Heupel high on defensive transfers

    While Tennessee was decimated by the transfer portal, the Vols also added a lot of help via the transfer portal. Most of those players arrived after spring practice too.

    Kodi Burns praised receiver Javonte Payton for being “exactly what we thought” he would be on Wednesday. Heupel got in on the praise Thursday, focusing on the transfers on the defensive side of the ball.

    “For all those guys, they’ve blended in immediately,” Heupel said. “When I say that, you don’t see them consistently out of gap, not being able to get a call and get lined up, you don’t see issues with communication. They’ve blended right into what we’re doing on all three levels. I really believe all those guys are going to have an impact on what we’re doing.”

    Transfers like Da’Jon Terry and Juwan Mitchell playing a major role was expected, so it’s encouraging that their transition into the defense has been seamless.

    The four other defensive transfers since spring practice— William Mohan, Caleb Tremblay, Brandon Turniage and Kamal Hadden— weren’t expected to be sure fire contributors. 

    Still, I wouldn’t read Heupel’s comments and think that all four of those guys are going to play major roles this fall. However, it’s clear the first year head coach is pleased with what the transfers have brought to his defense through eight practices.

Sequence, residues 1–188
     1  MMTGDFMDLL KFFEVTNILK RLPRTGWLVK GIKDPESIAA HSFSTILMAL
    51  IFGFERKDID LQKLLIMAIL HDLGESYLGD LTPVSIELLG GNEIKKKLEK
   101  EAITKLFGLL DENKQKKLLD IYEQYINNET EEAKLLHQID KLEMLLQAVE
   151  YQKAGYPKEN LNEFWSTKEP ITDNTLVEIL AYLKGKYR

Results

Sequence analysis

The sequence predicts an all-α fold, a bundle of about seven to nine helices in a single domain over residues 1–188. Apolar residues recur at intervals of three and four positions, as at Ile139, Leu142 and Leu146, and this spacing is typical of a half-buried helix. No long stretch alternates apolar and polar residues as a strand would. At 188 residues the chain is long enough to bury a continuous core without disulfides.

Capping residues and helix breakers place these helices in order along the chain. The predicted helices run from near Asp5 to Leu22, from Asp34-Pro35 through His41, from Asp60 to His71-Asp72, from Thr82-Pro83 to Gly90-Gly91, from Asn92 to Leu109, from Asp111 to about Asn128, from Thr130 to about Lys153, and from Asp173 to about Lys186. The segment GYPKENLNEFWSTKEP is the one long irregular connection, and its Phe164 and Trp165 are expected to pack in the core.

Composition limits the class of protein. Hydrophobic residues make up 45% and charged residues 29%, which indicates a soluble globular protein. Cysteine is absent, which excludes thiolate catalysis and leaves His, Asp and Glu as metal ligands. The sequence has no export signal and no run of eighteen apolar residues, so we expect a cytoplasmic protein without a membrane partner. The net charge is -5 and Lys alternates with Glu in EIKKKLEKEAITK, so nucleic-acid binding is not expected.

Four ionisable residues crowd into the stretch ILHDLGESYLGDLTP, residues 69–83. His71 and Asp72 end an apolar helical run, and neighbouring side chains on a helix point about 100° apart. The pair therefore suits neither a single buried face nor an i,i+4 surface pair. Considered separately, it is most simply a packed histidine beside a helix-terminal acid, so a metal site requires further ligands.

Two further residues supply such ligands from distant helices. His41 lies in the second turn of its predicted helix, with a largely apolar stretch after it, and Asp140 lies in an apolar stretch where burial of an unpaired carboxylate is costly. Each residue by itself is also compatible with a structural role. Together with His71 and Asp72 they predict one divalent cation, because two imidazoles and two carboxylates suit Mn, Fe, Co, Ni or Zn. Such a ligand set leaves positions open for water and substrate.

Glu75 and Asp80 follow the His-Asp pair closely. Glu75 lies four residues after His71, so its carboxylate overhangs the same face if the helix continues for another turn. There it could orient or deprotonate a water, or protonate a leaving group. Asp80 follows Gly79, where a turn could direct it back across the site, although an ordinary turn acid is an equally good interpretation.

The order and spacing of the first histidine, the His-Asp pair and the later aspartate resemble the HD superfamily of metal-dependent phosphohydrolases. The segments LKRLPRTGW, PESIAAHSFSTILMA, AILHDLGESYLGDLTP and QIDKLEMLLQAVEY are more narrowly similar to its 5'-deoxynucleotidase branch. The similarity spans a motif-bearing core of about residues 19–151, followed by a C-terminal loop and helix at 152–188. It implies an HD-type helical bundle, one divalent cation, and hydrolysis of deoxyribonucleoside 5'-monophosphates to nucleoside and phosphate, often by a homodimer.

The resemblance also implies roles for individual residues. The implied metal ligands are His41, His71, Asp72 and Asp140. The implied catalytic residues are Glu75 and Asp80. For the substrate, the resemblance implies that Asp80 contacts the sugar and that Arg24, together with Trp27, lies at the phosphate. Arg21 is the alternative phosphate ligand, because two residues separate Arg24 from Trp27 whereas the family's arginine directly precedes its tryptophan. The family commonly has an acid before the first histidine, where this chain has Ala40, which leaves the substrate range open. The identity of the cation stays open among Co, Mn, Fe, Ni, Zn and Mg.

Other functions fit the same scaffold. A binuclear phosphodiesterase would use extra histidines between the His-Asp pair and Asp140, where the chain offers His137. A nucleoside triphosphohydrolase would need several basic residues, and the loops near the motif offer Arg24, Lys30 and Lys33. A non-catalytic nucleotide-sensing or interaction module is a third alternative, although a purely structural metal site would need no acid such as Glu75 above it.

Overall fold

Ryan Schumpert is a senior at the University of Tennessee-Knoxville who has covered University of Tennessee athletics since the moment he stepped on campus. He just completed a three-year stint with the Daily Beacon, the last two of which as the Sports Editor. Ryan also spent last three years at Volquest providing strong Tennessee baseball coverage of Tony Vitello's resurgent program. While the bulk of Ryan's responsibilities involved beat coverage and writing, he also recorded podcasts for both the Beacon and Volquest. Did we leave out the part about Ryan interning for the Smokies? Ryan's work ethic, versatility, and strong writing skills are but three of the reasons why Vol Nation will be hearing from Ryan for years to come.